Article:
- PREGNANCY and BREAST-FEEDING: If you become pregnant, contact your doctor. You will need to discuss the benefits and risks of using triamcinolone suspension while you are pregnant. It is not known if this medicine is found in breast milk. If you are or will be breast-feeding while you use triamcinolone suspension, check with your doctor. Discuss any possible risks to your baby.
Possible side effects of triamcinolone suspension:
All medicines may cause side effects, but many people have no, or minor, side effects. Check with your doctor if any of these most COMMON side effects persist or become bothersome:
Seek medical attention right away if any of these SEVERE side effects occur:
Acne; changes in appetite; constipation; diarrhea; difficulty sleeping; headache; heartburn; nausea; restlessness; sweating; trouble sleeping; vomiting.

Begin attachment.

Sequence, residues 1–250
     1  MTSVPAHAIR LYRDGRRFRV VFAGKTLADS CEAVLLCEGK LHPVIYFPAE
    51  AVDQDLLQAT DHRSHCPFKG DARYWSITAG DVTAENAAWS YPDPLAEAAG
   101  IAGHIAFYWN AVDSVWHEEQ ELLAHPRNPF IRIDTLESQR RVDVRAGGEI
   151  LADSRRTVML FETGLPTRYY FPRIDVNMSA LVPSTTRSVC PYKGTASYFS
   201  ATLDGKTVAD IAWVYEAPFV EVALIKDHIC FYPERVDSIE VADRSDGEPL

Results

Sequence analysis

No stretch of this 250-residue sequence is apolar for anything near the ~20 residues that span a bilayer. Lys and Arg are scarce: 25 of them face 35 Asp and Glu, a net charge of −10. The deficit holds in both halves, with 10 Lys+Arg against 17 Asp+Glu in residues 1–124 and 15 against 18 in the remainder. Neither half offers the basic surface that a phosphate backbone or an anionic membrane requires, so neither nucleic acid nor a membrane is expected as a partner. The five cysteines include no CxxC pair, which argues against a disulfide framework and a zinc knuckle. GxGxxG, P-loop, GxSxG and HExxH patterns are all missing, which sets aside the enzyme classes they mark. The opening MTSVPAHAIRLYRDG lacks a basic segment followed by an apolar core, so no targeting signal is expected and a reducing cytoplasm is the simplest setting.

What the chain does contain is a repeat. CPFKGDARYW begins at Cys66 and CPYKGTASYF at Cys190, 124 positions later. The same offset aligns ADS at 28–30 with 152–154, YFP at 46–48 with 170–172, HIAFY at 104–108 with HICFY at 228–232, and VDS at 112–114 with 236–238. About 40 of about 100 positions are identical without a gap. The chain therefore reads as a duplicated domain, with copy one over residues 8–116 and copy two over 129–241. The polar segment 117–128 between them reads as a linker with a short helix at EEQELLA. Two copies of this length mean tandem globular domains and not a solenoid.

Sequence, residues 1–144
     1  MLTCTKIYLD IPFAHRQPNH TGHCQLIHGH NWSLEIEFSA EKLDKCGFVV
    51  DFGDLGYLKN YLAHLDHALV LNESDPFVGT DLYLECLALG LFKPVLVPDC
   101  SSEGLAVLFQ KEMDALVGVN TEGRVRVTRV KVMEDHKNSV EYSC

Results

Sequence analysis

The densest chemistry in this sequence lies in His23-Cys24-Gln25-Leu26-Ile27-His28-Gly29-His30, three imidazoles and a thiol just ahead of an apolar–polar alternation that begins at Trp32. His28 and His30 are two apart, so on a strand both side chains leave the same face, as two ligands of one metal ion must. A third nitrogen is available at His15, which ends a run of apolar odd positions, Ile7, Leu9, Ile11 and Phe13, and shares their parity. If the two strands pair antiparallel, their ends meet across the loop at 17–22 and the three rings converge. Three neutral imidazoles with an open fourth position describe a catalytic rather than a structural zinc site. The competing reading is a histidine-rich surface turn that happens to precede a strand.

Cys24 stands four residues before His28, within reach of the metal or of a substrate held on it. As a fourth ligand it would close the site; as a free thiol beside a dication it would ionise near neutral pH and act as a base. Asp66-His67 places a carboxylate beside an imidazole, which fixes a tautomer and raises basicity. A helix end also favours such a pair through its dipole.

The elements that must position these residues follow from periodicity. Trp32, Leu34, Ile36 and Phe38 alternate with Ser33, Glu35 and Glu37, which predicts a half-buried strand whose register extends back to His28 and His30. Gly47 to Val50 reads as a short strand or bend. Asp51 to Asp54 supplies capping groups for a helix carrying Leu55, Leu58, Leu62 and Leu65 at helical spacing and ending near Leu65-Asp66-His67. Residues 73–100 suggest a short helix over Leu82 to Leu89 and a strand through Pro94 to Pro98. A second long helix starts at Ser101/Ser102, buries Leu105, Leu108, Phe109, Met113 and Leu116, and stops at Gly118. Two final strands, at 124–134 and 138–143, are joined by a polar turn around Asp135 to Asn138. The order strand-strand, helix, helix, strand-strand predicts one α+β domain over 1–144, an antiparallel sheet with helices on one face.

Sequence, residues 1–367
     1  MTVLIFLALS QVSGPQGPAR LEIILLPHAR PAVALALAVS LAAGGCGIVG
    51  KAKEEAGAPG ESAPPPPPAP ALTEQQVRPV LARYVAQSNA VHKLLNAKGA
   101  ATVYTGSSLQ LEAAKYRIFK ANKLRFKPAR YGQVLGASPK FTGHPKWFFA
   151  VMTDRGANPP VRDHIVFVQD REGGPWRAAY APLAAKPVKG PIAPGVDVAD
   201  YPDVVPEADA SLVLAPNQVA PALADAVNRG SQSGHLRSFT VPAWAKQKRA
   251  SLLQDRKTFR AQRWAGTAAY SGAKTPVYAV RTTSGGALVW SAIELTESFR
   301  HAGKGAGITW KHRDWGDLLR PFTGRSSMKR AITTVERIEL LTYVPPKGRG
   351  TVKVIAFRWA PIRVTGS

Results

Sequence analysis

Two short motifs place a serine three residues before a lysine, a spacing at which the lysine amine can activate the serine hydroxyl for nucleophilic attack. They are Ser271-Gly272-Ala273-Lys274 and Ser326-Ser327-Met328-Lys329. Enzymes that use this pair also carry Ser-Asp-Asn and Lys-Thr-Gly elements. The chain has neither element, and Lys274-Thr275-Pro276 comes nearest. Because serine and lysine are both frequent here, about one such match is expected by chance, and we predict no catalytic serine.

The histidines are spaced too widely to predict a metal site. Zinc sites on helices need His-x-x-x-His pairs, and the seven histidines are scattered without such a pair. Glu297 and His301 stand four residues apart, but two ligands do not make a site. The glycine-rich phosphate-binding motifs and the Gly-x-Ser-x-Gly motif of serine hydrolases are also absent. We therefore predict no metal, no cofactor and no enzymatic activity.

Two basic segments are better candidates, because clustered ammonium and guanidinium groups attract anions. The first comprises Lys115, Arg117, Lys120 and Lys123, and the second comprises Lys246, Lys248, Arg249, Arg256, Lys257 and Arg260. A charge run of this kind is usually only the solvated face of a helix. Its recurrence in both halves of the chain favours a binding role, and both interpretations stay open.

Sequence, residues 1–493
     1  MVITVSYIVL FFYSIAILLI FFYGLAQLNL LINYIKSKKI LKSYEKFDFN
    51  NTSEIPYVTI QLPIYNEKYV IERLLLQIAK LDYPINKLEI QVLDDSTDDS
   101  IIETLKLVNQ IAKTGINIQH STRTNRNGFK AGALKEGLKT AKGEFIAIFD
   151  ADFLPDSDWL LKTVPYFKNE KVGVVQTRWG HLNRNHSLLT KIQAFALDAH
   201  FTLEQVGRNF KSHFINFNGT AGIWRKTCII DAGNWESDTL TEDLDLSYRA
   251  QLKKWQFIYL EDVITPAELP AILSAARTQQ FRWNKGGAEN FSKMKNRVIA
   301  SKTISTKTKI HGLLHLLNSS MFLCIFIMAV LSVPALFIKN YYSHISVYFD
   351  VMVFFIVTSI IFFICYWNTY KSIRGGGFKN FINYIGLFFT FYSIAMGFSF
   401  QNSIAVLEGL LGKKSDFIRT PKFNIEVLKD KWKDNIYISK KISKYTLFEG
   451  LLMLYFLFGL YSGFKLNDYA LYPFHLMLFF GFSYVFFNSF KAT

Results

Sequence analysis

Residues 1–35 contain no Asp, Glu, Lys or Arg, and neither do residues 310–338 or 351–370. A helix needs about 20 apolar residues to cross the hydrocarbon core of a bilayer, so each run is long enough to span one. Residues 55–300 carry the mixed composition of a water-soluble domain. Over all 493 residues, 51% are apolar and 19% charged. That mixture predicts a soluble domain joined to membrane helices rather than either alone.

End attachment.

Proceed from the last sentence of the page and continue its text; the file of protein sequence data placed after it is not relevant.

Severe allergic reactions (rash; hives; itching; difficulty swallowing or breathing; tightness in the chest; swelling of the mouth, face, hands, legs, eyes, throat, lips, or tongue; unusual hoarseness); depression; fainting; fast, slow, or irregular heartbeat; joint stiffness or pain; mood or mental changes; muscle pain or weakness; numbness or tingling in the hands or feet; pain, redness, or swelling at the injection site; personality changes; seizures; severe or persistent headache or dizziness; shortness of breath; signs of infection (eg, fever, chills, sore throat); slow wound healing; swelling of the ankles, hands, legs, or feet; unusual weight gain, especially in the face; vision changes.
This is not a complete list of all side effects that may occur. If you have questions about side effects, contact your health care provider. Call your doctor for medical advice about side effects. To report side effects to the appropriate agency, please read the Guide to Reporting Problems to FDA.
If OVERDOSE is suspected:
Contact 1-800-222-1222 (the American Association of Poison Control Centers), your local poison control center, or emergency room immediately.Proper storage of triamcinolone suspension: